Maxillaria tenuifolia (updated 11 August 2013)

miaxillaria tenuifolia

Maxillaria tenuifolia, also known as the Pina Colada orchid or the coconut pie orchid is known for its’ scent. To me it reminds me of sunscreen. Maxillaria tenuifolia is a species that originates from central to southern America. It is said to be an easer grower provided you keep it evenly moist and let it stand in a place with sufficient air movement.

It produces singular, rather small, flowers on short spikes.

It is natually epiphytic and sometimes terrestrial.

It can take fairly bright, but only indirect sunshine and should be placed somewhere between your cattleyas and phalaenopsis in terms of light conditions. It is temperature tolerant and can thrive in night temperatures from 10 – 30 ºC.

In the wild the tenuifolia receives ample amounts of water during the rainy season and then normally live through a dry spell for a few months afterwards. On the northern hemisphere that means lots of water from December to May and then reduced watering up to November. For me on the southern hemisphere, I’m not sure…but I will try to provide lots of water during the summer here, and then keep it a bit drier during the winter time.

 

MY PLANTS

25 December 2012: Can I first of all say that I love all my orchids…except my Maxillaria tenuifolias (and a couple of neglected NOID oncidiums). My maxillarias (I have two) and I are just not on good terms and I’m at a point where I’m saying: I don’t care. Do whatever you want. Die, if you like. 

The poor things are without doubt suffering under my neglect. The only thing that makes me still keep them is that I now have a green house, and maybe, miraculously, they will like it. The other reason is of course that they are not dead yet. And I have a policy to not, never ever, throw an orchid that is not completely rotten or petrified. So, they are still around. Barely.

Maxillaria tenuifolia

The worst of the two. This one was potted in a clear pot in a combination of fir bark and coir today. I was surprised to find a couple of root that are still alive. I cut off a couple of rotten pseudobulbs and a lot of bad roots. Now lets see…this is the critical point, I think.

maxillaria tenuifolia

The one with slightly more hope and potential. Some months ago, I decided to clean up this plant in the most brutal way. I tore it apart and made several small plants that I then put back together again in the same pot. The reason why? Well, this Maxillaria was just getting too high and lanky and with very little substance, and I didn’t like its appearance. By taking it apart, I could get rid of some old, rotting bulbs and sort out the roots. It actually looks as if it enjoyed the mistreatment. At least the new shoots look fairly plump and well.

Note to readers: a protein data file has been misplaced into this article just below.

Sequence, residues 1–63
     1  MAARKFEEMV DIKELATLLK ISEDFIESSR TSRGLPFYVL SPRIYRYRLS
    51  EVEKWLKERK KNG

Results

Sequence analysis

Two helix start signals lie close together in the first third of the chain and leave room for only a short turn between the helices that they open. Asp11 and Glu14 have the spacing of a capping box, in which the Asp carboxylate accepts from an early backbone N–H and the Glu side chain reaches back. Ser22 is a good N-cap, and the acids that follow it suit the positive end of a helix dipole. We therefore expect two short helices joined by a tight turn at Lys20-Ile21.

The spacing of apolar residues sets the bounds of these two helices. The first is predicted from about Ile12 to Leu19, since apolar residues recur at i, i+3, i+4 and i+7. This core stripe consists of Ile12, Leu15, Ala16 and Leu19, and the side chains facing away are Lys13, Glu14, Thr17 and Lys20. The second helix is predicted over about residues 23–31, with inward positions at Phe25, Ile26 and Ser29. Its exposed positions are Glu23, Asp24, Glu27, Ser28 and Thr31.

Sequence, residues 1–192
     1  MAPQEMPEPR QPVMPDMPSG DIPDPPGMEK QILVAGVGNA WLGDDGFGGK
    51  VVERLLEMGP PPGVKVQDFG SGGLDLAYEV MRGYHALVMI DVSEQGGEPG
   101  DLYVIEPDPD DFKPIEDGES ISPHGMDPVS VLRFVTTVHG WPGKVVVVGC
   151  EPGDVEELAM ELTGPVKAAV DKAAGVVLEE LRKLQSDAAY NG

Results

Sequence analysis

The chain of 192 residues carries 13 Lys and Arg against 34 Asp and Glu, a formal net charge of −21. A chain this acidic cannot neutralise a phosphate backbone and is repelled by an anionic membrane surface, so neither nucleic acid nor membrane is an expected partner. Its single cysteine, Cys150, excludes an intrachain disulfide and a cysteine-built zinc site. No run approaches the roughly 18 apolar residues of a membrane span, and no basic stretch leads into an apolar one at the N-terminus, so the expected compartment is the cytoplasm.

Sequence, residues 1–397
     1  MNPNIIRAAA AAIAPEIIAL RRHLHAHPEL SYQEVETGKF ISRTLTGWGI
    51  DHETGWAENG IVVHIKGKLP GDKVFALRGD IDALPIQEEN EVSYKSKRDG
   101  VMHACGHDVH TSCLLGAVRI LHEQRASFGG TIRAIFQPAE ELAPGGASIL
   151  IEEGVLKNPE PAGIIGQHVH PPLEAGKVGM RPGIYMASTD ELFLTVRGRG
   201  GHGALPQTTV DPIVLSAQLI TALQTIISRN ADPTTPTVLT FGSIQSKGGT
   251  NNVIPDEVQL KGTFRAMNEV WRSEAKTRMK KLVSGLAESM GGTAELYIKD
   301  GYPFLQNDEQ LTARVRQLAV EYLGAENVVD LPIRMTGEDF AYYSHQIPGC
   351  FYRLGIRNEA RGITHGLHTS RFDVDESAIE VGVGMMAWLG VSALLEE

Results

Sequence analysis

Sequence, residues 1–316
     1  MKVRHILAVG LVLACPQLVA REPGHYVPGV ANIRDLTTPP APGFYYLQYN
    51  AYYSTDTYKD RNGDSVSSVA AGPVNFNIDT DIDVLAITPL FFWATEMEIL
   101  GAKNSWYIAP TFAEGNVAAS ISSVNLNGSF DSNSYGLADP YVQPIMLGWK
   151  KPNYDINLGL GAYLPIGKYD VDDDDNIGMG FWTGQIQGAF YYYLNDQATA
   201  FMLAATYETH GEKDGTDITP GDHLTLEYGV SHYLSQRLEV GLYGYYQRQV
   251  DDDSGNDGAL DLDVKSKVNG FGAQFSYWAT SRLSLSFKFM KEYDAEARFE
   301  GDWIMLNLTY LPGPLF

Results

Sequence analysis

Of all my orchids I find that the Maxillaria tenuifolias are the ones that accumulate the most lime deposits on their leaves. I will try to collect rainwater outside of the green house this rainy season to water with that instead. It will do all the plants a lot of good, but especially these buggers should benefit from it.

Note to self: NEVER, EVER buy a new tenuifolia until you think you know how to care for them. They are discouraging and frustrating.

11 August 2013: More than half a year has passed since the last updates on the maxillarias. Since then, I’ve been crazy enough to expand my maxillaria collection to also include a maxillaria rubescens and and maxillaria porphyrstele. Whatever happened?!

While one of the tenuifolias dried up and died, the other one is doing remarkably well. It’s growing new bulbs and they are plump and bright green and healthy! I’m so happy about it I almost start to like Maximillian, as my hubby called him. I guess it’s too optimistic to hope for flowers this summer, but I can safely say that this plant is on the right track at the moment. Now all I have to do is to keep it there.

2 thoughts on “Maxillaria tenuifolia (updated 11 August 2013)

  1. Silje – wow, those earlier shots of your Max Ten were sad! Glad they are coming around to your culture conditions.
    I read somewhere they like a dryish winter break from watering (helps with flowering apparently; this is the first winter I’ve tried this), but otherwise I tend to keep mine quite damp. It seems quite easy to grow, but then I use RO water, so perhaps that makes a difference?

    • I know, I know. It was such a sad looking thing it almost ended up in the compost. But then it turns out that it really loves the greenhouse! And now it’s putting out 8-10 new growths and the new bulbs are plump and have a nice, bright green color. The thing is, even if I hardly ever admit it, I must have a weak spot (despite all) for maxillarias, because I tend to end up with them. I’ve got no idea how the max. rufescens and porphystele managed to sneak past my defenses, but they did. We had a terrible rainy season last year and there just was nothing to gather and save up, but I will try to collect rain again this year to use for the plants. With drums under all the gutters I should be able to collect some liters now and then for watering.

Leave a Reply

Your email address will not be published.